Research

Research in the Human Nature Lab lies at the intersection of the natural, social, and computational sciences. We develop and apply novel insights about the aspects of human nature that relate to our interactions with others. Our concern is not so much with how humans think or behave while alone, but rather with how they think and feel about, and behave towards, others.  We are interested in the emergent properties of social systems, and their social and evolutionary origins.

Publications

Our greatest aspiration in the HNL is to see new things. Sometimes, we see old things in new ways. But either way, our principle mode of communication is to publish our work in scientific journals.

All Publications

Tools

Good science often involves developing new tools. We make tools we develop publicly available here.

Breadboard

Breadboard is a software platform for developing and conducting human interaction experiments in groups.

More about Breadboard →

Trellis

Trellis is a suite of software tools for developing, administering, and collecting survey and social network data.

More about Trellis →

Network Visuals

Below is a selection of network visualizations.

All Network Visualizations

Funders

The sponsors of our work, and a sketch of projects they are supporting, are listed here. 

Exploiting Social Influence in Networks to Magnify Population-Level MNCH Behavior Change

We will use a detailed understanding of social network structure and function to identify novel ways of targeting influential individuals so as to foster behavioral cascades and population-level behavior change. We will achieve this objective by conducting a randomized controlled trial of network targeting algorithms, to be deployed in a sample of 160 villages in Honduras, with maternal and neonatal care interventions.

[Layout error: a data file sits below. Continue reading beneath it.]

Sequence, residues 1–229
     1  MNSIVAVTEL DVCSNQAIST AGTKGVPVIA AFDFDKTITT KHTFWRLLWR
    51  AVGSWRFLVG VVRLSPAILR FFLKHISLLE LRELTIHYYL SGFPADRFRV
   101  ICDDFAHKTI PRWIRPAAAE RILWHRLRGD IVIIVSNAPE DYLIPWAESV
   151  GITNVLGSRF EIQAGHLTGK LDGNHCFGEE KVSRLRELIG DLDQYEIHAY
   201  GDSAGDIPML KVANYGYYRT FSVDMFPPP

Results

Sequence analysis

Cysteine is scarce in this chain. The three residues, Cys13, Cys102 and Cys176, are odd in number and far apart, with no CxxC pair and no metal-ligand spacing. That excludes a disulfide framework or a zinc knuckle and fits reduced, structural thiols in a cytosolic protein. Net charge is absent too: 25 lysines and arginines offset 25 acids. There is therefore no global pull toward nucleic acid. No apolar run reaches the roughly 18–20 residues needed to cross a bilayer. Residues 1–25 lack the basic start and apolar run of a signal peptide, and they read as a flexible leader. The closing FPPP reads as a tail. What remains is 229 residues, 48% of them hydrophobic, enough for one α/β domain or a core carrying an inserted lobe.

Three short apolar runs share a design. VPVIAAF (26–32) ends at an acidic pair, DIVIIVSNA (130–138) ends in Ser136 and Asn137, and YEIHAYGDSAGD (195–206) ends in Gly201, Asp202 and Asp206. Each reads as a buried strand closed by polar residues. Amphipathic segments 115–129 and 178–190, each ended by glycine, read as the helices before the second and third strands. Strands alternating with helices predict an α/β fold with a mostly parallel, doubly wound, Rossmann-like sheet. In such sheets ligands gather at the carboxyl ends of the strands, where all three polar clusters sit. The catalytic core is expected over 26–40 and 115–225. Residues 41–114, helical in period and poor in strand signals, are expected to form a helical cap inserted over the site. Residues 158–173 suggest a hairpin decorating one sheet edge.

Roybal Center for the Study of Social Networks and Well Being (one of Roybal Centers for Translational Research on Aging)

Our Roybal Center is focused on the recognition that complex social network structures play an important role in individual health. The two overarching goals of our work are (1) to ask significant questions about the role of social networks in producing specific outcomes related to health and well-being, and (2) to develop methods of answering such questions involving real social networks in which behavioral information relevant to health and wellbeing can be measured.

In our prior Program Project, “Networks and Neighborhoods,” which unfolded from 2008-2014 and which has already yielded over 73 publications and 9,300 citations to date, we contributed to illuminating fundamental biological and social mechanisms related to the structure and function of human social networks. But eventually, we began to engage what we called our “so what?” question. Namely: So what if we can understand the structure and function of human social networks; what can we do with that knowledge to make the world better? And, indeed, since 2010, with gathering steam, we’ve been exploring how a deeper understanding of social networks allows us to intervene in the world to make it better, by improving health, cooperation, innovation, wealth, and social life. 

Yale University and the Tata group have launched a far-ranging research collaboration that builds on their shared strengths in discovery, technology, and innovation. The alliance is led at Yale by Nicholas Christakis ’84, co-director of the Yale Institute for Network Science (YINS) and the Sol Goldman Family Professor of Social and Natural Science. The Tata group has committed to fund the alliance over five years. The project will foster an intellectual exchange between the university and three Tata companies: Tata Sons, Tata Consultancy Services, and Tata Chemicals. 

Prior funding from RWJF afforded us the opportunity to explore the relationship between social networks and health in new ways. For example, we assessed network structure and health on a national scale, evaluated the utility of a novel “sensor network” approach to predicting epidemics, and investigated how the structure and function of online networks is relevant to health and behavior change. Funding from RWJF also helped us develop new software tools that will significantly increase the accuracy of network data collection in the field while lowering its cost.